[Murray] Rothbard’s Law: “People tend to specialize in what they are worst at. For example, Henry George is great on everything but land, so therefore he writes about land 90% of the time. [Milton] Friedman is great except on money, so he concentrates on money.”
Gary North is arguably the most important living Reconstructionist. Reconstructionists have several key points:
- Presuppositional approach to philosophy/apologetics (in the Van Tillian tradition)
Of these, I am least of all 3 and 4 (as in I’m definitely not), and I kinda sorta agree with number 1 in the list (but the differences with my Presuppositionalistic approach are extremely important, as I am not a big fan of Van Til); I agree with 2, though my own Calvinism is a different flavor than most Reconstructionists. I’m not a Recon, obviously.
At any rate, North, who married Recon founder RJ Rushdoony’s daughter, is the last of the “Big Three” Recons of the 20th century (the other two being Rushdoony and Greg Bahnsen). North is a movement genius. Without North, it’s difficult to tell where Reconstructionism would be today. His own son-in-law, Joel McDurmon, was recently named President of American Vision, an important Recon organization.
My point: Gary North is a specialist in the various pillars Reconstructionism. As such, I don’t cite him favorably on these things, and also related issues such as Covenant Theology and the epistemological foundations of economics (sometime I’ll have to share my thoughts regarding his new Christian Economics book). Gary North, in my opinion, is worst at these topics. Gary North proves Murray Rothbard right.
But I do have a soft spot for the guy, when I’m not reading him on Reconstructionist issues. My non-theonomic friends would likely be perplexed by such an admittance. But whenever he talks about those things that are unrelated to Reconstructionism, I’m a fan of Gary North.
I write this because I received an email from a reader.
I’m confused about people like Gary North. Sometimes you cite him favorably and other times you seem annoyed at him. I see libertarians that don’t seem to be into religious themes excitedly promote some things he says, and at the same time I see libertarians that consider him the scariest thing that every happened to the Austrian movement. But your own disagreements with North are not alarmist like these libertarians. What gives?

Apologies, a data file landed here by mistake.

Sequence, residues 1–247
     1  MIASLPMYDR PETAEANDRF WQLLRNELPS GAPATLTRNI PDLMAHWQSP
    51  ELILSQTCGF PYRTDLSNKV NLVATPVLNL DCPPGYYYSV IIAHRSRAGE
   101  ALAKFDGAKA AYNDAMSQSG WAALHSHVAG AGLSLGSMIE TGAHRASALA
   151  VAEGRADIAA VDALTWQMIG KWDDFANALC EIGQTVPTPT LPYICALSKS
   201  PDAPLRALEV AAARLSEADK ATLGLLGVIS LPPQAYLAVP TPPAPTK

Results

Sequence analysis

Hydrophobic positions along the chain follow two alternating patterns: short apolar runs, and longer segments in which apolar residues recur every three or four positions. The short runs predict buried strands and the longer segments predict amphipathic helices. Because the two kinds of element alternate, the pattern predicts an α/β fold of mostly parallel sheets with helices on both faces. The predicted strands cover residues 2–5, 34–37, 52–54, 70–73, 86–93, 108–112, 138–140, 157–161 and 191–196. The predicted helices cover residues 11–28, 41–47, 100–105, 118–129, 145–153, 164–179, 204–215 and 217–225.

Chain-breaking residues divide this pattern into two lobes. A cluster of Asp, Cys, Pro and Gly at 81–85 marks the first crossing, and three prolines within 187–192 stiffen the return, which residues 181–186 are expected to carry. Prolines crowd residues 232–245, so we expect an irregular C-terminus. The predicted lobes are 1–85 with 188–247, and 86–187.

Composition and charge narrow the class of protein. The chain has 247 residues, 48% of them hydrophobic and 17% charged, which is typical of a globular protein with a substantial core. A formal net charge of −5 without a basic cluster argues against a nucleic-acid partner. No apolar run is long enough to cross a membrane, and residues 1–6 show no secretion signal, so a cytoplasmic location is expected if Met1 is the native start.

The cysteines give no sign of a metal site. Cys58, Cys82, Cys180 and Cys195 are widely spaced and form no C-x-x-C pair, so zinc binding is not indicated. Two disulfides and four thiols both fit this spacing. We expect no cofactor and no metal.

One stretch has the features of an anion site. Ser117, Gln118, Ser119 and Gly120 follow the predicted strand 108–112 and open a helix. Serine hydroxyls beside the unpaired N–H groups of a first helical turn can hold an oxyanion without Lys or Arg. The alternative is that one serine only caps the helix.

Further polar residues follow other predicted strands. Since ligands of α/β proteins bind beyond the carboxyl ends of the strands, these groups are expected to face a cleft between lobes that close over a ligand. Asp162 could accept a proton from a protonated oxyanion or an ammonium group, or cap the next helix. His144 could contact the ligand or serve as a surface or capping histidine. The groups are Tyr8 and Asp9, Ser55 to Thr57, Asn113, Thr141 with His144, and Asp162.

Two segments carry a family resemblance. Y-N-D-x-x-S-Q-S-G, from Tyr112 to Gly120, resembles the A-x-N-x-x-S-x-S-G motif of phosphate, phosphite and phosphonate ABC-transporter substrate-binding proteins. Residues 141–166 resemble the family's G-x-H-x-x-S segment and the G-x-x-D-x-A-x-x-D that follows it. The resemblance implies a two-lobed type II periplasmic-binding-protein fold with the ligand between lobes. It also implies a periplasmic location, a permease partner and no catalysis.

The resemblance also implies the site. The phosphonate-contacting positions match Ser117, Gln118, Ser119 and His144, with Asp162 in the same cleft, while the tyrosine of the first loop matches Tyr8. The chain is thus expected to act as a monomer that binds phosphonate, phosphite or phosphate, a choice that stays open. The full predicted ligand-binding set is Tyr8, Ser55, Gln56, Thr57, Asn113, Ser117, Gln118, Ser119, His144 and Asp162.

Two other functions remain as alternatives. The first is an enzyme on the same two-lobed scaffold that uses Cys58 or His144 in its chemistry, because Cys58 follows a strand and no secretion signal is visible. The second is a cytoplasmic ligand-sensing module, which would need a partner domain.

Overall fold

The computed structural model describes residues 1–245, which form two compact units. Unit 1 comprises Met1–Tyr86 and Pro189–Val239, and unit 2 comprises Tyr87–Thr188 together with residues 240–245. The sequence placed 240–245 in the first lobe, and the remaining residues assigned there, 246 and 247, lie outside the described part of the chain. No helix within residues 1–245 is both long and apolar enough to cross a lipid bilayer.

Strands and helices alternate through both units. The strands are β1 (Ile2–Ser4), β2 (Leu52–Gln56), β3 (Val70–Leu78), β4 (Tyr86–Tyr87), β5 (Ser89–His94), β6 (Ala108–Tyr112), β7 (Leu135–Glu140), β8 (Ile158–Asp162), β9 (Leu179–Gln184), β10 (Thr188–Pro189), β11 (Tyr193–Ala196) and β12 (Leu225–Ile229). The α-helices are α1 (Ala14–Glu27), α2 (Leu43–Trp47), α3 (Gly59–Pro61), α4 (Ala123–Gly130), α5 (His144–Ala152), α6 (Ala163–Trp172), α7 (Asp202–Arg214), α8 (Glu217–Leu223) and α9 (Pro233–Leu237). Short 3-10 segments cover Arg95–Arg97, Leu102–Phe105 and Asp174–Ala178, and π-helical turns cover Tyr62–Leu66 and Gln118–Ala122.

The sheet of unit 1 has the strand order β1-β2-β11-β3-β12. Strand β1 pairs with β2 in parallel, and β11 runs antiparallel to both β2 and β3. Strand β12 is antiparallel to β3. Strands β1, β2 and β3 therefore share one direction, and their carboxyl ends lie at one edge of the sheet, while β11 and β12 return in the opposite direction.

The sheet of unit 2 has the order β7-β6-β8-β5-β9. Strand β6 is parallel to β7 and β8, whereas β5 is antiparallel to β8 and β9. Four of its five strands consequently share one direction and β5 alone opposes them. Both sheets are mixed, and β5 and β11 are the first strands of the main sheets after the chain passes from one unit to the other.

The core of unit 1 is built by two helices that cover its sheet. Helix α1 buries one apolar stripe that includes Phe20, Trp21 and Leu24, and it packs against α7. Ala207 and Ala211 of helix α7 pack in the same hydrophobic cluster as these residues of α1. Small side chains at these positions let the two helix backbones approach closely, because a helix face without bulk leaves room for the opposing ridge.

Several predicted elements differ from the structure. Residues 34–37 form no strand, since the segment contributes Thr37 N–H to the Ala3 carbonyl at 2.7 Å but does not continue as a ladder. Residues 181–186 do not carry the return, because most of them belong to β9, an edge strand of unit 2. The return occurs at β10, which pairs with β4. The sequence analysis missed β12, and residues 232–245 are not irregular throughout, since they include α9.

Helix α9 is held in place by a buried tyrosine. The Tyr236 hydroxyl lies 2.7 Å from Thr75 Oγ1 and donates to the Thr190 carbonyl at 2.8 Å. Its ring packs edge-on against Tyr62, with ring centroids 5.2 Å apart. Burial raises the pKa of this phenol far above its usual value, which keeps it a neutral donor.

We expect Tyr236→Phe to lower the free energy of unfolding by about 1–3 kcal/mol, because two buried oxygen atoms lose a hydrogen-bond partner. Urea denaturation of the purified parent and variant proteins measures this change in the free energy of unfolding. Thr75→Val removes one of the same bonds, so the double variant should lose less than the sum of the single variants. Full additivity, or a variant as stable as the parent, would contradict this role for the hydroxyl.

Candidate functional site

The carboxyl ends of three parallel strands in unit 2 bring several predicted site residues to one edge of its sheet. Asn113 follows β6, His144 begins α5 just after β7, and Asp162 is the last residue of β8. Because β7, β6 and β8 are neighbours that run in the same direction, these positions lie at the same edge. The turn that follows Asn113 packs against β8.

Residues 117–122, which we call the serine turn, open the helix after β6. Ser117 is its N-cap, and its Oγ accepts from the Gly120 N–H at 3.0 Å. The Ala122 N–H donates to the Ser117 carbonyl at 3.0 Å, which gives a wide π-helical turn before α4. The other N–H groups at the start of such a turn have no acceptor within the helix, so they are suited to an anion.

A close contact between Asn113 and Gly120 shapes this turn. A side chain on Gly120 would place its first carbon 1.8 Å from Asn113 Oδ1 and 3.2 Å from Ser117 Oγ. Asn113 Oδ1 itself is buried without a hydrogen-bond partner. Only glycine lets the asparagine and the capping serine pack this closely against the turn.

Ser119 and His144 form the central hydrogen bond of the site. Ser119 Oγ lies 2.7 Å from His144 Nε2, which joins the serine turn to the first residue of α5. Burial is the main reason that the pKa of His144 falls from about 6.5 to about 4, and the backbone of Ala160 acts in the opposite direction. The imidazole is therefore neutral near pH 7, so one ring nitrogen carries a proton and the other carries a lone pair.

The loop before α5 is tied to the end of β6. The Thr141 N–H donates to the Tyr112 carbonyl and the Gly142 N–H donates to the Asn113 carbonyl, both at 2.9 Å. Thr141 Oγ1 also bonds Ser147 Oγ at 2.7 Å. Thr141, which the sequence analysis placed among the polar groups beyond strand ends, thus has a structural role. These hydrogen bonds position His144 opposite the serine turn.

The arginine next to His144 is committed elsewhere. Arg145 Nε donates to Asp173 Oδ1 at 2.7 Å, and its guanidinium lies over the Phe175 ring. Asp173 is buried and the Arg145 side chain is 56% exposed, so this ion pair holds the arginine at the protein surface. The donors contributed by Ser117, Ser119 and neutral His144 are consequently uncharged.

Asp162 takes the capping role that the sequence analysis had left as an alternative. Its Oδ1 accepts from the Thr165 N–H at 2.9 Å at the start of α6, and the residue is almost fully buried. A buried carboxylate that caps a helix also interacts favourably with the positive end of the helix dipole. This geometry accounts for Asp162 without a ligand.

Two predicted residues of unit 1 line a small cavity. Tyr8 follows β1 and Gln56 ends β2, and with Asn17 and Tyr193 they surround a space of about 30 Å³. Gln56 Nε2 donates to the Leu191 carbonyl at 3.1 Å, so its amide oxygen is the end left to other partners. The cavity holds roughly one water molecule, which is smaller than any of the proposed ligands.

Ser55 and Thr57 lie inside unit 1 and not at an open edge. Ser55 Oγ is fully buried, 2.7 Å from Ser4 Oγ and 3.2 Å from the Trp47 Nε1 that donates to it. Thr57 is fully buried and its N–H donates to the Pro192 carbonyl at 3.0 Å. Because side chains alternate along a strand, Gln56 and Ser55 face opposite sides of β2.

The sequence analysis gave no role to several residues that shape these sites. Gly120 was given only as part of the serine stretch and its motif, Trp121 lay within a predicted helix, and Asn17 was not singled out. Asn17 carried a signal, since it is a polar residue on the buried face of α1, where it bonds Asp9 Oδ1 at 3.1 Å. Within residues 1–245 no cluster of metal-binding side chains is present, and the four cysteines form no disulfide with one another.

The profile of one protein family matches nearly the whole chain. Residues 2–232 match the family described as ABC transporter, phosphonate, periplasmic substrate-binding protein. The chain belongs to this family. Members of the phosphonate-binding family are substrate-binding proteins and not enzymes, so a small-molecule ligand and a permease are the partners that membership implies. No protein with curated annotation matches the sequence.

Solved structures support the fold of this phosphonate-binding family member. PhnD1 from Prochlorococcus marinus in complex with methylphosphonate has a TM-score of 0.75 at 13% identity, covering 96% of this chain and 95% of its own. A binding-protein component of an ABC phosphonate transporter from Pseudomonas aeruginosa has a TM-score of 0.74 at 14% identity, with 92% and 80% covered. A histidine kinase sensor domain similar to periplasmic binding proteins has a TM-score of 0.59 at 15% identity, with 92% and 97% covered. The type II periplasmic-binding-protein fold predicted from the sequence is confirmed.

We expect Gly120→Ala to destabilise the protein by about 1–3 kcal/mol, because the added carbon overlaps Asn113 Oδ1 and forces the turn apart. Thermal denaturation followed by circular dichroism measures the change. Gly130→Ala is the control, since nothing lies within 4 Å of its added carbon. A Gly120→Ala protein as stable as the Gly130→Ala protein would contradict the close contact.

What gives is that there are various aspects of the guy; some of which deserve praise, others criticism. The areas which I would criticize include those things mentioned above. But Gary North, especially these days, spends most his pop-level writing efforts commenting of economic trends, general observations regarding the growth of the state, the collapse of conservatism in America, the fraud that is politics, the hilarious stupidity that is Keynesian economics, the greatness of David Stockman, the history of the liberty movement, the future of the liberty movement, the present bitcoin craze, gold, and so on and so forth. He is a great writer, with entertaining prose (very characteristic of the Recon movement, which partially explains their online success). I appreciate these things (except the success of the Recon movement. Wink wink).
Gary North is a good read. I read what he puts out. I enjoy his exposition of Murray Rothbard and Ludwig von Mises. I smile at his defenses of Lew Rockwell and Ron Paul. I’ve sat through his various Mises Institute lectures numerous times (out of my own volition). I pay him money via a subscription to Garynorth.com (yes, I therefore monetarily support the greater Recon movement– blame Gary’s great insights).
Some times I like him more than others. Sometimes he has a great article going and I am very enthralled. Then, halfway through, he brings up something that makes me roll my eyes. But I keep going. I eat the meat and toss the bones. I often like him.
But not on those things that he has specialized in. Not what he is really known for. He will be remembered as theonomist extraordinaire. I’ll remember him as an insightful commentator in the greater liberty movement. I’ll remember him as will many other Austro-libertarian proponents that aren’t at all into his theological claims. Good on economics, good on the political movements in America, not so good on the ideal political theory, not so good on a handful of theological issues. Interestingly then, I like him on those things which he would be favorably cited for by non-Christians (read non-Calvinists) and not so much on those things which he would be favorably cited for by Christians making a theonomic, eschatological, or epistemological point.
Sometimes I think he is dead wrong, and profoundly so. Sometimes I learn a great deal from him and enjoy the learning process.
Here is a Gary North lecture on Murray Rothbard.